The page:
Page 5396 - Week 13 - Wednesday, 16 November 2011

Next page . . . . Previous page . . . . Speeches . . . . Contents . . . . Debates(HTML) . . . . PDF . . . . Video

located in particular areas. For that reason, phase 1 of the strategy has commenced and the consultation phase will continue until 17 December this year.

Neighbouring property owners and occupiers have been contacted, to explain the proposed developments and to answer and listen to any concerns they have. Local community councils and residents associations are also being contacted, as are other groups—for example, sporting groups—that use adjacent ovals and other spaces. These are important discussions as we finalise the planning and detailed design for these new emergency services stations.

There will also be a series of community forums held in both Belconnen and Tuggeranong which members of the public can attend, to ask questions and get further information and of course to provide their feedback. This is, of course, in addition to any statutory consultation processes that may be required such as variations to the territory plan or development applications to allow the station relocation strategy to proceed.

Public housing—energy efficiency ratings

MS BRESNAN: My question is to the Minister for Community Services. Minister, yesterday you tabled the government’s costings of the Greens’ minimum housing standards bill in regard to public housing. Those costings acknowledge that 10 out of the 12,000 houses in the ACT public housing stock do not have energy efficiency ratings but assume that all unrated houses only have an EER of 2 or below. Minister, how reliable are the conclusions of this document, given that ACT Housing could only estimate the number of houses on an EER of 0, 1 and 2? Was it appropriate to use this data as an indication of costs involved with the bill given that the data was mostly based on guesswork?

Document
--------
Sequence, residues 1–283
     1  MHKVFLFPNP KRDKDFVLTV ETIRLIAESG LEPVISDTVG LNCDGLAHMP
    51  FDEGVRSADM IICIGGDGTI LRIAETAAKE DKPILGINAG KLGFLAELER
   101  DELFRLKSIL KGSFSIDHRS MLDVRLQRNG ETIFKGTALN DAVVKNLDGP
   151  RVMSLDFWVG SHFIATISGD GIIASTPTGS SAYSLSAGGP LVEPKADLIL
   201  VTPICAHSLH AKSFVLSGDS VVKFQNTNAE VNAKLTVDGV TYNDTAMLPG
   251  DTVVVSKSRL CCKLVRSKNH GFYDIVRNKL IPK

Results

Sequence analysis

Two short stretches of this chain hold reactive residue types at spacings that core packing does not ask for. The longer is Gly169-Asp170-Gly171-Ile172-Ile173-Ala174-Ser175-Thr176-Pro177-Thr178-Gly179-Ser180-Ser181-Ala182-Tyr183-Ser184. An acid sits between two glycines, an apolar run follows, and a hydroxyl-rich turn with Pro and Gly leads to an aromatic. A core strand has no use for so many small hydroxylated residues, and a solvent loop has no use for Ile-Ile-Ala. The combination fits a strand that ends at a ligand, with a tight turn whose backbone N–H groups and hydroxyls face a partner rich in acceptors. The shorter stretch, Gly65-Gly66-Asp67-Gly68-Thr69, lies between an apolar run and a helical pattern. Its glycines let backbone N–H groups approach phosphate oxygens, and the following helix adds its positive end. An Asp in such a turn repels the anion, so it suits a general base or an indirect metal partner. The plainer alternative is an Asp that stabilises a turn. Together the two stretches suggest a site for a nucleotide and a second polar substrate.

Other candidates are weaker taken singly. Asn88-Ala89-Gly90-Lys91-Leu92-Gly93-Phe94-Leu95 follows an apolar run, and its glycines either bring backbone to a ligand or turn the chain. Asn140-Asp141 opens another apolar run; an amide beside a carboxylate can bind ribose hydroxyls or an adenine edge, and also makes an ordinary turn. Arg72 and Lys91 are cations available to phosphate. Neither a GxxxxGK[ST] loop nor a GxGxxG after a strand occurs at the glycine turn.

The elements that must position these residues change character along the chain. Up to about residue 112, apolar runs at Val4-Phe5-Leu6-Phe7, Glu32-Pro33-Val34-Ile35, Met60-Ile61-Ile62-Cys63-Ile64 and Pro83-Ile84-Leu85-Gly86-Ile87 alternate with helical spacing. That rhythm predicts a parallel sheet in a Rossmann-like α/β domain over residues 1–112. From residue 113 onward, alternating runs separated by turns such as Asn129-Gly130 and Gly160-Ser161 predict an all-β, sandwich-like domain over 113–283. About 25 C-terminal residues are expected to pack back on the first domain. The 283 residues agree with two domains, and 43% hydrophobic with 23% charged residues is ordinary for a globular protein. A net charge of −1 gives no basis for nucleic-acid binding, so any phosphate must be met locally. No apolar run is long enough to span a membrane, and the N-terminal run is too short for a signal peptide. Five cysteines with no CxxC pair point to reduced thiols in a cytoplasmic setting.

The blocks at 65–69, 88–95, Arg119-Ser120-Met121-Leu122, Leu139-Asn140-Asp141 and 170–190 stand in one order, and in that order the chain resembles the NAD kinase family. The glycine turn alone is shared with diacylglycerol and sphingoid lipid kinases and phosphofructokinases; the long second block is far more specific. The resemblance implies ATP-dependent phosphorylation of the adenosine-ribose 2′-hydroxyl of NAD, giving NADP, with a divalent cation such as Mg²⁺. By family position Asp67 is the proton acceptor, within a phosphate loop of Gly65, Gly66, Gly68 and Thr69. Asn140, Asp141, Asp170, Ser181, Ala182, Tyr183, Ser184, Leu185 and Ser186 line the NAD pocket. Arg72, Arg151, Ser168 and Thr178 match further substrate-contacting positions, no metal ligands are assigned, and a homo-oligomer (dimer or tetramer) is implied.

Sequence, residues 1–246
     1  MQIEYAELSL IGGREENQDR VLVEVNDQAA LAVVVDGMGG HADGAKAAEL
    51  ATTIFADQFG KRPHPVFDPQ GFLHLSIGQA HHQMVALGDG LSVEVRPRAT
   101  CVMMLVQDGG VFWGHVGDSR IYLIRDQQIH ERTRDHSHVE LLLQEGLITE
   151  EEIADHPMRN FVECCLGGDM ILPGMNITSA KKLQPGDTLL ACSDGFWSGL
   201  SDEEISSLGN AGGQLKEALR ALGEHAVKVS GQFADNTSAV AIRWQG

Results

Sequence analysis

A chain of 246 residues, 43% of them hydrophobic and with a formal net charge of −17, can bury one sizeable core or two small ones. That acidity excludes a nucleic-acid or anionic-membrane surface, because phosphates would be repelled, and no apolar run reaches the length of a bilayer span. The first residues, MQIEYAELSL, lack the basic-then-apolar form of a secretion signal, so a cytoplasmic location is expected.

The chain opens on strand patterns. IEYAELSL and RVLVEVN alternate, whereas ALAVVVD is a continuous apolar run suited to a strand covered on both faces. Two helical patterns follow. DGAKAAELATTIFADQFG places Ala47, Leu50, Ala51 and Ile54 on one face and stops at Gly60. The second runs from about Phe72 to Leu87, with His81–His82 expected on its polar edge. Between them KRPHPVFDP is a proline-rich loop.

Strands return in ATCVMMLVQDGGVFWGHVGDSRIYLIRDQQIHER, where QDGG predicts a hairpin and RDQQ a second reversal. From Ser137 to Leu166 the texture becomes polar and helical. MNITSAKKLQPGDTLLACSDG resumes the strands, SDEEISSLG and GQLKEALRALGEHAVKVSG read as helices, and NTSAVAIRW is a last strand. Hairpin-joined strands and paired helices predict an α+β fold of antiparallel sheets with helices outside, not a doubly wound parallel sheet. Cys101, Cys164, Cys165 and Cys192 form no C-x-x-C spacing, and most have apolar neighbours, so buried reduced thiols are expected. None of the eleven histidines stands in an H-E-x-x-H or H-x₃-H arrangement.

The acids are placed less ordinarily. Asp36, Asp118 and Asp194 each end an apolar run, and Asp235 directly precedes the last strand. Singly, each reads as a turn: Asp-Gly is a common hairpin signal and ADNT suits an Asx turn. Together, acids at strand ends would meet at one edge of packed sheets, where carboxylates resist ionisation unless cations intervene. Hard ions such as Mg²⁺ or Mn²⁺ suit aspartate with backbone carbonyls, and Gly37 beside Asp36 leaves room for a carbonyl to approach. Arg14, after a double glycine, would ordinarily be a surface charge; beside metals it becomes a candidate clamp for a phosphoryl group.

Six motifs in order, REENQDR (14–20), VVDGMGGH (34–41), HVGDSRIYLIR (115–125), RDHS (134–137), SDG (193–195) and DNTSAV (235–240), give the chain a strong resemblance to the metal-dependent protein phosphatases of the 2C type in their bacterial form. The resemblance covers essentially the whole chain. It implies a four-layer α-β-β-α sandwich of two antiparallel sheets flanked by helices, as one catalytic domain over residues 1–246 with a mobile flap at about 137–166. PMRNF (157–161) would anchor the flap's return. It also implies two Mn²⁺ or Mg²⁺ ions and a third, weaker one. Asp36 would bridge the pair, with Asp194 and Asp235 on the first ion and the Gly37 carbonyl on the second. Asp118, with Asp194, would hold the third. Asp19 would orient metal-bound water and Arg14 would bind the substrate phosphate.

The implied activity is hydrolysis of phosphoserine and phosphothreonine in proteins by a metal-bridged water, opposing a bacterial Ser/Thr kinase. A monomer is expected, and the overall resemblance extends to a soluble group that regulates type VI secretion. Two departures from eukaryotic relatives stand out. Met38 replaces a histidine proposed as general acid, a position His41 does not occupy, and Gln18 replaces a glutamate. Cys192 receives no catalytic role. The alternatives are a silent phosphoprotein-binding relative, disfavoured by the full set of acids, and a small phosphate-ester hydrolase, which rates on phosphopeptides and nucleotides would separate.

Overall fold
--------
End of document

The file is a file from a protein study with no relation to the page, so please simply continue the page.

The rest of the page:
MS BURCH: I thank Ms Bresnan for her question. We know that our housing stock is some of the oldest in the country; that is on any record. We have houses that are 20, 30, 40-plus years old. Northbourne Avenue, for example, I think is over half a century old. So it is not surprising that the EER ratings could be quite low on those properties.

As for costings, it is the responsibility of the directorate that is about to be impacted by a bill that is brought into this place that demands minimum standards that will have a financial impact to undertake that work. I would ask Ms Bresnan, if she thinks that those figures are flawed, if perhaps she would like to table for the benefit of community information the costings behind the Greens’ bill.

MR SPEAKER: Ms Bresnan, a supplementary.

MS BRESNAN: Minister, given that this document acknowledges that at least half of ACT Housing has an energy rating of one star or below and that no heating is provided in at least half of ACT Housing properties, how are these houses being heated and what action will the government take to remedy this situation?

MS BURCH: We have in place a $4 million a year energy upgrade and refurbishment program for public housing properties. I think that is a clear commitment by this

Next page . . . . Previous page . . . . Speeches . . . . Contents . . . . Debates(HTML) . . . . PDF . . . . Video